ISO is an independent, non-governmental international organization with a membership of 161 national standards bodies. Through its members, it brings together experts to share knowledge and develop voluntary, consensus-based, market relevant International Standards that support innovation and provide solutions to global challenges.
What are standards?
International Standards make things work. They give world-class specifications for products, services and systems, to ensure quality, safety and efficiency. They are instrumental in facilitating international trade.
ISO has published more than 21000 International Standards and related documents, covering almost every industry, from technology, to food safety, to agriculture and healthcare. ISO International Standards impact everyone, everywhere.
ISO/IEC 17025 General requirements for the competence of testing and calibration laboratories is the main ISO standard used by testing and calibration laboratories. In most major countries, ISO/IEC 17025 is the standard for which most labs must hold accreditation in order to be deemed technically competent. In many cases, suppliers and regulatory authorities will not accept test or calibration results from a lab that is not accredited. Originally known as ISO/IEC Guide 25, ISO/IEC 17025 was initially issued by theInternational Organization for Standardization in 1999. There are many commonalities with the ISO 9000 standard, but ISO/IEC 17025 is more specific in requirements for competence. And it applies directly to those organizations that produce testing and calibration results. Since its initial release, a second release was made in 2005 after it was agreed that it needed to have its quality system words more closely aligned with the 2000 version of ISO 9001.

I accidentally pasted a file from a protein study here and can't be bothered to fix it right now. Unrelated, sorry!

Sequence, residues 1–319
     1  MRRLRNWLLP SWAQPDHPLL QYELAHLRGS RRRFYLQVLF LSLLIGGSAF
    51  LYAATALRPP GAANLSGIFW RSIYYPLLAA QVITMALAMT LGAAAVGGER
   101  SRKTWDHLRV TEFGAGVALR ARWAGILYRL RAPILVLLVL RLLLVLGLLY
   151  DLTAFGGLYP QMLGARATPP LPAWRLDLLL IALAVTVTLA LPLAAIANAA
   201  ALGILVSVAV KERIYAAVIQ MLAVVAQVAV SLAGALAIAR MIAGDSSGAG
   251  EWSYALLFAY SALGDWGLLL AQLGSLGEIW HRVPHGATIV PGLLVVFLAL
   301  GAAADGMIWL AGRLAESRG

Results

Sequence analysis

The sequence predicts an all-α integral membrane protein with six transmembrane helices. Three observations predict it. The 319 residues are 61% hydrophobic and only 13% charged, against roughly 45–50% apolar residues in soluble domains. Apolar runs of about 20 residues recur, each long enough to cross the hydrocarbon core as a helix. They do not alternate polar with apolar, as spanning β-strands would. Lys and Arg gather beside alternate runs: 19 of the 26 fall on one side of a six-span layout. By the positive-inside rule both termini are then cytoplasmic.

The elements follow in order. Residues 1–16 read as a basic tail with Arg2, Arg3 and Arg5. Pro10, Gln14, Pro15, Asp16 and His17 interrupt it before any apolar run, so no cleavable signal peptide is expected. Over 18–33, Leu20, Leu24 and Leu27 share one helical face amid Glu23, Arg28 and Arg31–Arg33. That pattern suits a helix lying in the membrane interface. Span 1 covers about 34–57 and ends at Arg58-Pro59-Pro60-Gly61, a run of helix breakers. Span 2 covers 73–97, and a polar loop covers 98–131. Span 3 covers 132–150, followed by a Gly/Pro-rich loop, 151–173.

The standard was first published in 1999 and on 12 May 2005 the alignment work of the ISO/CASCO committee responsible for it was completed with the issuance of the reviewed standard. The most significant changes introduced greater emphasis on the responsibilities of senior management, and explicit requirements for continual improvement of the management system itself, and particularly, communication with the customer.
The ISO/IEC 17025 standard itself comprises five elements that are Scope, Normative References, Terms and Definitions, Management Requirements and Technical Requirements. The two main sections in ISO/IEC 17025 are Management Requirements and Technical Requirements. Management requirements are primarily related to the operation and effectiveness of the quality management system within the laboratory. Technical requirements includes factors which determines the correctness and reliability of the tests and calibrations performed in laboratory.
Laboratories use ISO/IEC 17025 to implement a quality system aimed at improving their ability to consistently produce valid results. It is also the basis for accreditation from an accreditation body. Since the standard is about competence, accreditation is simply formal recognition of a demonstration of that competence. A prerequisite for a laboratory to become accredited is to have a documented quality management system. The usual contents of the quality manual follow the outline of the ISO/IEC 17025 standard.